No Fault (PIP) Insurance FAQ’s

Does Fee Splitting Constitute a Valid Defense under No-Fault?

According to the Appellate Division, First Department—NO!  Recently, the Appellate Division, First Department held that a fee-sharing arrangement does NOT constitute unprofessional conduct and is NOT a viable defense under No-Fault law.  The Court holds it does not constitute a defense to a no-fault action.  See, Matter of Allstate Prop. & Cas. Ins. Co. v New Way Massage Therapy P.C., 2015 NY Slip Op 09184 (1st Dept. 2015) Decided on December 10, 2015.  Link:http://www.nycourts.gov/reporter/3dseries/2015/2015_09184.htm

 

In that case, the Supreme Court, New York County (Cynthia S. Kern, J.) denied a petition to vacate the award of the master arbitrator, and confirmed the award which held that a fee-sharing arrangement does not constitute an unprofessional conduct and it is a viable defense to a no-fault action.  The Appellate Division, First Department affirms and holds:

Whether or not the fee-sharing arrangement at issue constitutes unprofessional conduct (see 8 NYCRR 29.1[b][4]), it does not constitute a defense to a no-fault action (compare State Farm Mut. Auto. Ins. Co. v Mallela, 4 NY3d 313 [2005] [“insurance carriers may withhold payment for medical services provided by fraudulently incorporated enterprises to which patients have assigned their claims”]). It is solely a matter for the appropriate state licensing board (see e.g. Necula v Glass, 231 AD2d 457 [1st Dept 1996]; see also H & H Chiropractic Servs., P.C. v Metropolitan Prop. & Cas. Ins. Co., 47 Misc 3d 1075, 1078 [Civ Ct, Queens County 2015]).

The Appellate Division, First Department cites to H & H Chiropractic Servs., P.C. v Metropolitan Prop. & Cas. Ins. Co., 47 Misc 3d 1075, 1078 (Civ Ct, Queens County 2015). In that case, the court noted that there is no court that has found improper fee-splitting to constitute fraud or a licensing requirement.   In that case the claims representative employed by defendant issued a timely denial of plaintiff’s bill based, inter alia, upon plaintiff’s alleged illegal fee-splitting.

 

In support of its motion for summary judgment, Defendant submitted a notice to admit, pursuant to CPLR 3123, upon the plaintiff, seeking to admit a copy of a contract purportedly entered into between plaintiff and its billing company, Systems Management Group, Inc. (SMG). The purported contract states that “[t]he Practice will pay SMG 6% of all fees charged & ultimately collected by SMG.”  Defendant also submits the deposition transcript of one of the members of the plaintiff’s practice, wherein he admitted that plaintiff employed SMG and they are paid a fixed fee of five percent of collections.

Defendant argues that since plaintiff allegedly pays six (or five) percent of its fees to its billing company, that its billing company owns six percent of plaintiff’s practice.

The court held that improper fee-splitting is not a defense in a no-fault action.  The defendant failed to prove that the provider filed any fraudulent documents with the State and allowed non-physicians to control any aspect of their practice.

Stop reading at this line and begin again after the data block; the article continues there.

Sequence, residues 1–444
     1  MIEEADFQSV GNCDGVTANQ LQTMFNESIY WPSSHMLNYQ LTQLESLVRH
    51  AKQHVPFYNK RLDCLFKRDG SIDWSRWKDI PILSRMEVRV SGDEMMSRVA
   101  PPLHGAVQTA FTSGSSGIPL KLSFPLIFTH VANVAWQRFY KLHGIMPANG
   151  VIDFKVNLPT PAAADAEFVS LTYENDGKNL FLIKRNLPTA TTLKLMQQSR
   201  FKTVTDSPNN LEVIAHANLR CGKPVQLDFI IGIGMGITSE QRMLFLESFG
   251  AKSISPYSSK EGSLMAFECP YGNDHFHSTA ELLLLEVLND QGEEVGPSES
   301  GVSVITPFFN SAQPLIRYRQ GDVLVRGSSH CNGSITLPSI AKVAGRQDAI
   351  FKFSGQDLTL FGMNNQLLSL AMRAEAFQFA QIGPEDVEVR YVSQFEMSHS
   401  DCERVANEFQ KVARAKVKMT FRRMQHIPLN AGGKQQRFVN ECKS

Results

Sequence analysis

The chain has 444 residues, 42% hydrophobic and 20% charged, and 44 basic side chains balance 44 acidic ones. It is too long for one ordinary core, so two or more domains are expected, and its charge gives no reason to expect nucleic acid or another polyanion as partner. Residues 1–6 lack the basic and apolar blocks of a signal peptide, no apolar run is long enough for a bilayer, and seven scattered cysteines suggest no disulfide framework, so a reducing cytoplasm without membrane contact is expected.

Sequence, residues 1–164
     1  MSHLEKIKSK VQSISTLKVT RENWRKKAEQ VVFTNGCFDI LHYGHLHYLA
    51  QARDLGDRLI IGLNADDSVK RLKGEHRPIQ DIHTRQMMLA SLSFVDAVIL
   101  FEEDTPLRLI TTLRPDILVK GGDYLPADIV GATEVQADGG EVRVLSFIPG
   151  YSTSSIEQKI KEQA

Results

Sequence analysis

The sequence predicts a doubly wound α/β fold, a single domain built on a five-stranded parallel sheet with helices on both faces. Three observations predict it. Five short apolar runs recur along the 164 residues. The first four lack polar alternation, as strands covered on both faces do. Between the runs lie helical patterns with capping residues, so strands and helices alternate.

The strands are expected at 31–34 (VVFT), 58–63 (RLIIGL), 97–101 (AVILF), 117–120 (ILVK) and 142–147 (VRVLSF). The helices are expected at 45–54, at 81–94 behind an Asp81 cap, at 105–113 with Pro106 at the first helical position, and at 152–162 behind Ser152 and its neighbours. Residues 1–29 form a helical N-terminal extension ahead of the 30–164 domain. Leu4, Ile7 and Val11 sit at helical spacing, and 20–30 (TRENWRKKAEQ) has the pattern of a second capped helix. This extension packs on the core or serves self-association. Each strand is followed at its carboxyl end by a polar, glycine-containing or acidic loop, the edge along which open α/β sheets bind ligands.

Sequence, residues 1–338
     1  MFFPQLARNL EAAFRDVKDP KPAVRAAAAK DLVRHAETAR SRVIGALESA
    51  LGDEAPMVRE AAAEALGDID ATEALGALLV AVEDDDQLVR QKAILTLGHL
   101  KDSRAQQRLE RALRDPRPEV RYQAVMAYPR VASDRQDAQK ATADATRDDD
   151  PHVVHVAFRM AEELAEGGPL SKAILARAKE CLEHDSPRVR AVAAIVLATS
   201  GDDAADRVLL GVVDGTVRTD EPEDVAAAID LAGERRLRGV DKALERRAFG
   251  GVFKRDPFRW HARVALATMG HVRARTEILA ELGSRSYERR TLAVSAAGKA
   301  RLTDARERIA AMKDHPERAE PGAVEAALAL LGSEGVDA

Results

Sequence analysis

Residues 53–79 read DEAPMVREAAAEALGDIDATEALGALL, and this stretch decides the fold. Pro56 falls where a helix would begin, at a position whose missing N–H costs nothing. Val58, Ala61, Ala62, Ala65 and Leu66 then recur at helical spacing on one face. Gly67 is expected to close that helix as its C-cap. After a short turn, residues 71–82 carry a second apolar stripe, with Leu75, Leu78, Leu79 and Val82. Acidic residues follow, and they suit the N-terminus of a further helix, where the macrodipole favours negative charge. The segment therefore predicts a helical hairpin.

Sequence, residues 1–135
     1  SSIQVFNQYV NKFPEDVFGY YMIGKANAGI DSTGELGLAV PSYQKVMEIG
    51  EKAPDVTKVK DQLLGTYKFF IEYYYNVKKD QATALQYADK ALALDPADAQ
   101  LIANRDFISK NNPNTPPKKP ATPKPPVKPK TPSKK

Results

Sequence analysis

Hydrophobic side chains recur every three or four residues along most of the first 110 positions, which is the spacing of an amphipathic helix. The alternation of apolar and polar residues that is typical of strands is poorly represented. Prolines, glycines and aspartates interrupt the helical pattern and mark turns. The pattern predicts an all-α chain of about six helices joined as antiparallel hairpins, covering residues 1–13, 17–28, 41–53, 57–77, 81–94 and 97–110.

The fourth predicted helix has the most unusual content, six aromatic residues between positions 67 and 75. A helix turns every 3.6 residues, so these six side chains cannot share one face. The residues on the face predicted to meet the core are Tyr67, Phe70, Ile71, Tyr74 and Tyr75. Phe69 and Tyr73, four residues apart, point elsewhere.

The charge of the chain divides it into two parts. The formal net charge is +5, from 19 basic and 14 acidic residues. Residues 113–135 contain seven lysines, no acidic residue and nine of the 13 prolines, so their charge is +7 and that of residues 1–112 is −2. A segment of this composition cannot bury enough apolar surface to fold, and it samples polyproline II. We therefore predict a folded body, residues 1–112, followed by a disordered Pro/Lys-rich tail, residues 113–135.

“As such, it is the conclusion of this court that impermissible fee-splitting, standing alone, is not a violation of a licensing requirement, does not constitute an available defense to a no-fault action and, as such, any action is solely within the purview of the appropriate state licensing board.”

Does Fee Splitting Constitute a Valid Defense under No-Fault?

According to the Appellate Division, First Department—NO!  Recently, the Appellate Division, First Department held that a fee-sharing arrangement does NOT constitute unprofessional conduct and is NOT a viable defense under No-Fault law.  The Court holds it does not constitute a defense to a no-fault action.  See, Matter of Allstate Prop. & Cas. Ins. Co. v New Way Massage Therapy P.C., 2015 NY Slip Op 09184 (1st Dept. 2015) Decided on December 10, 2015.  Link:http://www.nycourts.gov/reporter/3dseries/2015/2015_09184.htm

 

In that case, the Supreme Court, New York County (Cynthia S. Kern, J.) denied a petition to vacate the award of the master arbitrator, and confirmed the award which held that a fee-sharing arrangement does not constitute an unprofessional conduct and it is a viable defense to a no-fault action.  The Appellate Division, First Department affirms and holds:

 

Whether or not the fee-sharing arrangement at issue constitutes unprofessional conduct (see 8 NYCRR 29.1[b][4]), it does not constitute a defense to a no-fault action (compare State Farm Mut. Auto. Ins. Co. v Mallela, 4 NY3d 313 [2005] [“insurance carriers may withhold payment for medical services provided by fraudulently incorporated enterprises to which patients have assigned their claims”]). It is solely a matter for the appropriate state licensing board (see e.g. Necula v Glass, 231 AD2d 457 [1st Dept 1996]; see also H & H Chiropractic Servs., P.C. v Metropolitan Prop. & Cas. Ins. Co., 47 Misc 3d 1075, 1078 [Civ Ct, Queens County 2015]).

 

The Appellate Division, First Department cites to H & H Chiropractic Servs., P.C. v Metropolitan Prop. & Cas. Ins. Co., 47 Misc 3d 1075, 1078 (Civ Ct, Queens County 2015). In that case, the court noted that there is no court that has found improper fee-splitting to constitute fraud or a licensing requirement.   In that case the claims representative employed by defendant issued a timely denial of plaintiff’s bill based, inter alia, upon plaintiff’s alleged illegal fee-splitting.

 

In support of its motion for summary judgment, Defendant submitted a notice to admit, pursuant to CPLR 3123, upon the plaintiff, seeking to admit a copy of a contract purportedly entered into between plaintiff and its billing company, Systems Management Group, Inc. (SMG). The purported contract states that “[t]he Practice will pay SMG 6% of all fees charged & ultimately collected by SMG.”  Defendant also submits the deposition transcript of one of the members of the plaintiff’s practice, wherein he admitted that plaintiff employed SMG and they are paid a fixed fee of five percent of collections.